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In "Greek mythology, the Amphillogiai["pronunciation?] ("Ancient Greek: Ἀμφιλλογίαι; singular: Amphillogia) were goddesses of disputes. "Hesiod's "Theogony identifies them as the daughters of "Eris ("strife") and sisters of "Ponos ("Hardship"), "Lethe ("Forgetfulness"), "Limos ("Starvation"), "Algae ("Pains"), "Hysminai ("Battles"), "Makhai ("Wars"), "Phonoi ("Murders"), "Androktasiai (Manslaughters"), "Neikea ("Quarrels"), Pseudea ("Lies"), Logoi ("Stories"), "Dysnomia ("Anarchy"), "Ate ("Ruin"), and "Horkos ("Oath").[1]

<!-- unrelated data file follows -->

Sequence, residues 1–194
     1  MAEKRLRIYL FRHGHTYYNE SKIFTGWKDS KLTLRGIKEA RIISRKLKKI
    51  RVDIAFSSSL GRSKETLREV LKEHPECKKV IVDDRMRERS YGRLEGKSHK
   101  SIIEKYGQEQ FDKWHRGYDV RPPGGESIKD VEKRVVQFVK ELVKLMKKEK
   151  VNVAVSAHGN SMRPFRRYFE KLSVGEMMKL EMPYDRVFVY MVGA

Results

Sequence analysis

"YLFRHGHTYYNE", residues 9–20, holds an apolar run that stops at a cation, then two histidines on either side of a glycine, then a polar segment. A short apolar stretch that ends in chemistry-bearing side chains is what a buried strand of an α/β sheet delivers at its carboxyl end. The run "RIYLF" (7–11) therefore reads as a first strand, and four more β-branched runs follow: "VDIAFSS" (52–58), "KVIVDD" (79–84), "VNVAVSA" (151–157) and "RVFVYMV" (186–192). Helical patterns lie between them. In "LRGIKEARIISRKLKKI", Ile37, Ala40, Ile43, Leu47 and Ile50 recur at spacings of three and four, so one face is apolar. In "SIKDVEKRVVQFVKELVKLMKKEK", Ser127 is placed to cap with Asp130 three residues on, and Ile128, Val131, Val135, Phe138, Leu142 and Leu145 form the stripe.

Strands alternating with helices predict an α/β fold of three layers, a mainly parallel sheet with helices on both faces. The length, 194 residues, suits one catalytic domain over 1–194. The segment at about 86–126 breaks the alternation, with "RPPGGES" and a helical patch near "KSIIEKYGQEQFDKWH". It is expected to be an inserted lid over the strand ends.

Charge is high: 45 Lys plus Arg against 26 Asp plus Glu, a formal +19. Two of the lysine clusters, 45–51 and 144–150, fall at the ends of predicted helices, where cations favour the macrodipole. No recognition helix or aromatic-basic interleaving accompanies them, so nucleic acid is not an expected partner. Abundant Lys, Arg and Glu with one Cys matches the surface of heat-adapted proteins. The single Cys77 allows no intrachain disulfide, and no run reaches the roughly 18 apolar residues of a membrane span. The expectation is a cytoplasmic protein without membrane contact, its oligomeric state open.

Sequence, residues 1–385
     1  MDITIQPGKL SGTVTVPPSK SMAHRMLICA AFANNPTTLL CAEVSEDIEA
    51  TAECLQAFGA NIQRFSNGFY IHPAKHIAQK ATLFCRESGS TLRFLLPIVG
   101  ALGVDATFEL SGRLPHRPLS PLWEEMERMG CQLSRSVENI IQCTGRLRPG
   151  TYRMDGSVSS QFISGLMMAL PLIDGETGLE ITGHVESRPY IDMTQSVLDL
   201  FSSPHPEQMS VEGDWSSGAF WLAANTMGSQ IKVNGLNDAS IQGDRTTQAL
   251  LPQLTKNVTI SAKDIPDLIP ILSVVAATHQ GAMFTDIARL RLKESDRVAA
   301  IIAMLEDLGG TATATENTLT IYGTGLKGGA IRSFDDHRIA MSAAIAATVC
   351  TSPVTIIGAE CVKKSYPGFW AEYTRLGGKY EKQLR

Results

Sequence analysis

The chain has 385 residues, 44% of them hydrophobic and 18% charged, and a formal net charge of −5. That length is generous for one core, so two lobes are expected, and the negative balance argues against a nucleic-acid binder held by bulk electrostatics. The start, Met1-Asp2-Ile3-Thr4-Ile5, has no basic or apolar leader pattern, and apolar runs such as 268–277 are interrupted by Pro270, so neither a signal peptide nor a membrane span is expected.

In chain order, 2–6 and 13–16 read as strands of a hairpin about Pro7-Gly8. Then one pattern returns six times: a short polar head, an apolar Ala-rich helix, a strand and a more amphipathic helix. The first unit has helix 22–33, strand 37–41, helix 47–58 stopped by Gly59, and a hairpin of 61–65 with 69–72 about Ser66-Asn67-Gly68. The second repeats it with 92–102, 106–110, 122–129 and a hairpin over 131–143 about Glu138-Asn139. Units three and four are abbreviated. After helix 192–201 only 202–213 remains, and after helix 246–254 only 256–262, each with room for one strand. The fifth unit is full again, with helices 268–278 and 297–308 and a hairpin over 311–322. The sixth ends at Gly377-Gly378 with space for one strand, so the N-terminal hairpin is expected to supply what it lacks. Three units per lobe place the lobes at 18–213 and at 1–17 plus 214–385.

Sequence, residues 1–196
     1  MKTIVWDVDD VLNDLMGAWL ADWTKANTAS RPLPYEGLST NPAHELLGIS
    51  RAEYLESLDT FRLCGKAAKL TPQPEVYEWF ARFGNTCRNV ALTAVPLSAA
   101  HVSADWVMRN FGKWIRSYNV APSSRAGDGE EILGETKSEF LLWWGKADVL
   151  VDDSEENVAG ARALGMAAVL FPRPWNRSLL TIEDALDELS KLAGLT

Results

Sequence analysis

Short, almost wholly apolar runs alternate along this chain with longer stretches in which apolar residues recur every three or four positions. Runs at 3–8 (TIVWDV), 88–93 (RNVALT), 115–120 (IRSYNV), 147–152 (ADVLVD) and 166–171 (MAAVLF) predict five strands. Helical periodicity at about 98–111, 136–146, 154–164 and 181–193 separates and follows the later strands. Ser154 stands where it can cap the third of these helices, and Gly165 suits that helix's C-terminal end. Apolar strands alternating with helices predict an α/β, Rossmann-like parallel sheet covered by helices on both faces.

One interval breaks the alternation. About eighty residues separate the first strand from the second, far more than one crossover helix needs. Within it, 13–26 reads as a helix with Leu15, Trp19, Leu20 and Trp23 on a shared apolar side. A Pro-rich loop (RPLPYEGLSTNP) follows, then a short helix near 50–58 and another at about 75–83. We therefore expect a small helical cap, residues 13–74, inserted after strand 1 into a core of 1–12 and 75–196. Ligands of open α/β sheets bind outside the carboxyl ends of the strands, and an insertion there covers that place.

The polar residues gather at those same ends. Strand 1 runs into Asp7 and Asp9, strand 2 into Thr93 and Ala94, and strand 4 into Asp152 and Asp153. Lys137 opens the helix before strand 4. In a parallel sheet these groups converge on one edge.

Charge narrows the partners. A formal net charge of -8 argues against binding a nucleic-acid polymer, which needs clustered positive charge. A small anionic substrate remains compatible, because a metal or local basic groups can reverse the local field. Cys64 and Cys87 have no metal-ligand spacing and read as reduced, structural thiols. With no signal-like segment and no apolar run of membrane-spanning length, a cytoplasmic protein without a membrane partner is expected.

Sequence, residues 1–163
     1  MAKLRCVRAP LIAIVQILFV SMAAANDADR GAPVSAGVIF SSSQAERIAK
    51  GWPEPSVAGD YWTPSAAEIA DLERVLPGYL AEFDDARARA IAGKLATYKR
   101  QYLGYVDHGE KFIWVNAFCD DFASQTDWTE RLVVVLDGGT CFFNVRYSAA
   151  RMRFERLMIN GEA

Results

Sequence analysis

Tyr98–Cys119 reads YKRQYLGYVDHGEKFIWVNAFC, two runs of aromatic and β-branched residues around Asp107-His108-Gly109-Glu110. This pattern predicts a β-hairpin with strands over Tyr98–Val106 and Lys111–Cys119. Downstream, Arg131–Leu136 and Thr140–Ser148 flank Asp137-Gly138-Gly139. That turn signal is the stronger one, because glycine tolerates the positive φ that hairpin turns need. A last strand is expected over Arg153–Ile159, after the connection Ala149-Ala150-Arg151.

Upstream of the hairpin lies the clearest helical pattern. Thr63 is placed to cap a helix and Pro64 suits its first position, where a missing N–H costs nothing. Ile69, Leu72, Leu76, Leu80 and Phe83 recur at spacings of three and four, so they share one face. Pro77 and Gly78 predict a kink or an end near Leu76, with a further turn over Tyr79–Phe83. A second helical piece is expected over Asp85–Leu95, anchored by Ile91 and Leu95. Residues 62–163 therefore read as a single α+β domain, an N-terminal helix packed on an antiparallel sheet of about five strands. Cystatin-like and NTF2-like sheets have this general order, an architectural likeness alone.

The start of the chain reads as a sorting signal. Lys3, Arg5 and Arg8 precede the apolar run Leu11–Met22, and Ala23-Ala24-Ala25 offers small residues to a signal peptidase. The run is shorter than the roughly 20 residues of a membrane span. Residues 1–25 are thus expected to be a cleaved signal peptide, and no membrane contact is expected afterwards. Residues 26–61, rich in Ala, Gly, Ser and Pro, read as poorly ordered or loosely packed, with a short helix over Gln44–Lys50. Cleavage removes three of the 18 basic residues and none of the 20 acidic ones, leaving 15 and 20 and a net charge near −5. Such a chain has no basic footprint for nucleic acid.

This article incorporates text from "Theogeny, by "Hesiod, translated by Hugh G. Evelyn-White, a publication from 1914 now in the "public domain in the United States.

  1. ^ Richard Caldwell, Hesiod's Theogony, Focus Publishing/R. Pullins Company (June 1, 1987). "ISBN "978-0-941051-00-2.

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